Torturing an American
11 Oct 2006 02:38 pm
Andrew Sullivan

The U.S. Congress has approved this president’s extraordinary powers to detain any one at will (in violation of the Supreme Court’s holding in Hamdi v. Rumsfeld and in Rasul v. Bush), without charges (in violation of what a majority of the Court implicitly held in denying Jose Padilla’s latest writ for certiorari), keep them indefinitely (same), and torture them if the president wants to (in violation of the holding in Hamdan v. Rumsfeld). Some have argued that this can only happen to non-citizens.

That is untrue. (After all, in Hamdi, the Court held that citizens, as well as non-citizens held at Guantanamo, had the right to challenge their detention as enemy combatants, in proceedings containing a sufficient quantum of procedural safeguards so as to make the at-will, ad hoc designation of someone as an “enemy combatant” unlawful, so who could forgive people for “thinking” this?)

Glenn Greenwald has new and important data on what was done to Jose Padilla, a U.S. citizen and terror suspect, captured by the government, detained for almost three years in isolation (and moved from a military brig to civilian custody when the government realized it could not come up with a charge against him) with ever being formally charged, and, of course, tortured on the president’s orders.

Money quote from his lawyer’s brief (latest petition for cert, I guess; the Rehnquist five made up a law that “prevented” the Court from deciding upon the merits of Padilla’s case in 2004, thus sanctioning the government’s duplicity):

Mr. Padilla was often put in stress positions for hours at a time. He would be shackled and manacled, with a belly chain, for hours in his cell. Noxious fumes would be introduced to his room causing his eyes and nose to run. The temperature of his cell would be manipulated, making his cell extremely cold for long stretches of time. Mr. Padilla was denied even the smallest, and most personal shreds of human dignity by being deprived of showering for weeks at a time, yet having to endure forced grooming at the whim of his captors…
He was threatened with being cut with a knife and having alcohol poured on the wounds. He was also threatened with imminent execution. He was hooded and forced to stand in stress positions for long durations of time. He was forced to endure exceedingly long interrogation sessions, without adequate sleep, wherein he would be confronted with false information, scenarios, and documents to further disorient him. Often he had to endure multiple interrogators who would scream, shake, and otherwise assault Mr. Padilla.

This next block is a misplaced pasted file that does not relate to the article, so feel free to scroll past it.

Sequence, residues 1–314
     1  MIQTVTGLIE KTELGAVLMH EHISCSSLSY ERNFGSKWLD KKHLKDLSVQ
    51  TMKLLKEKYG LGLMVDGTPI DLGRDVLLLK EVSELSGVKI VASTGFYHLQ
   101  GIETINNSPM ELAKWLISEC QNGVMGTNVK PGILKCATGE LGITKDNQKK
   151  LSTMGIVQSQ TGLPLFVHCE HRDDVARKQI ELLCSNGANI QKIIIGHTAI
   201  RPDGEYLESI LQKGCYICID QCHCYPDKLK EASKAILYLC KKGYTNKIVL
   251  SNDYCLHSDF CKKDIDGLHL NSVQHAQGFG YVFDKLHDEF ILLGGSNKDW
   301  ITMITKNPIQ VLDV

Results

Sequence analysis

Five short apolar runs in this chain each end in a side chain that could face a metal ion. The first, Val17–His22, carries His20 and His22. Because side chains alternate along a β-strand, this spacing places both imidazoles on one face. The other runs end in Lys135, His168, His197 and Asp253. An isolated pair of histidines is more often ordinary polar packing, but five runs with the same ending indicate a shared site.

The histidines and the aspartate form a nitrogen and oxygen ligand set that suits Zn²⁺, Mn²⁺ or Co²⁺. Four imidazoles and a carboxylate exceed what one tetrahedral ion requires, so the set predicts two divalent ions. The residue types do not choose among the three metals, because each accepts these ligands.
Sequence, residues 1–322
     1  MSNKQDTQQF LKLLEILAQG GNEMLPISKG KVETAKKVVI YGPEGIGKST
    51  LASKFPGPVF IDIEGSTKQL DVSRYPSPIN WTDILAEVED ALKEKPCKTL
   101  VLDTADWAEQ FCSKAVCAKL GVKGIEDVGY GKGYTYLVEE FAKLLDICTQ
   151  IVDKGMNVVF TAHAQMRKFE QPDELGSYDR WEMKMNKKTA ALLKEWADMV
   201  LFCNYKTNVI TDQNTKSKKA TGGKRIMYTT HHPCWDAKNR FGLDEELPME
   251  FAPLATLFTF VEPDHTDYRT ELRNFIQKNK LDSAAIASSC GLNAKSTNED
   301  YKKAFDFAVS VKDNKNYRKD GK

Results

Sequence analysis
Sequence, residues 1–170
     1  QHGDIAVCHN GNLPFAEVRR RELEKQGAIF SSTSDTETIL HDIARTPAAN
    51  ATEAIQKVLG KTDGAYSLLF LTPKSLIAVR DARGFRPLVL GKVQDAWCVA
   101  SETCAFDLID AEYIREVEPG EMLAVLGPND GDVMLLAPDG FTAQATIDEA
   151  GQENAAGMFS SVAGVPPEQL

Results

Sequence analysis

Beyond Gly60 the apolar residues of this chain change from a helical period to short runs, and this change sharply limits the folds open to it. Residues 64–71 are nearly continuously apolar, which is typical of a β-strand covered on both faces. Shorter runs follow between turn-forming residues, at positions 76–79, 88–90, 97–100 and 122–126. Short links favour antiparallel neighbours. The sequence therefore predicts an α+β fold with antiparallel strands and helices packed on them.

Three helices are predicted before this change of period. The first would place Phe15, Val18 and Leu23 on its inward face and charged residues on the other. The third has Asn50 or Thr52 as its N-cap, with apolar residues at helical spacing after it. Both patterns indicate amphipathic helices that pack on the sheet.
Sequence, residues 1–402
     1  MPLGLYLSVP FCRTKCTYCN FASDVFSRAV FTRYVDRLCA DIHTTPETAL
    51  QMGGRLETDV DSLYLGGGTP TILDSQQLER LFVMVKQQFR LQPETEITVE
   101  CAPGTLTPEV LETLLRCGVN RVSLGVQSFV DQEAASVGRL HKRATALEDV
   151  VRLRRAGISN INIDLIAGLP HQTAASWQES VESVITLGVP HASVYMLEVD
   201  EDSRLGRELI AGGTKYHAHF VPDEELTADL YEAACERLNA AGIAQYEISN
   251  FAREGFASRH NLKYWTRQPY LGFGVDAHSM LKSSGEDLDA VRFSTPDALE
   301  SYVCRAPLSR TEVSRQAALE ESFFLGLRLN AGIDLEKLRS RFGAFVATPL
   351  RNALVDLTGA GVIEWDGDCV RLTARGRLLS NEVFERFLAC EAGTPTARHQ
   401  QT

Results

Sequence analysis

Additionally, Mr. Padilla was given drugs against his will, believed to be some form of lysergic acid diethylamide (LSD) or phencyclidine (PCP), to act as a sort of truth serum during his interrogations.

Andrew concludes:

We live in a country where one man – the president – now has the power to detain any one at will, without being charged for years at a time, and tortured. This isn’t an emergency provision, to be revoked when a conflict ends. Since this war has no fixed enemy and no fixed end, it is now our permanent reality. America as we have known it, is over. Al Qaeda never had the power to do this damage to constitutional liberties. We did it to ourselves.


Or, as a famed comic strip concluded, “We have met the enemy, and it is us”. It’s not too late – there is still a glimmer of hope. But to prevent that glimmer from fading into the void, we must, as a start – as a mere throat-cllearing – vote the bums out this November. History has shown that the greatest damage done to our liberties has not been inflicted by foreign invaders, but by us. It’s not that some don’t understand this lesson. They understand it all too well.

Leave a Reply

Your email address will not be published.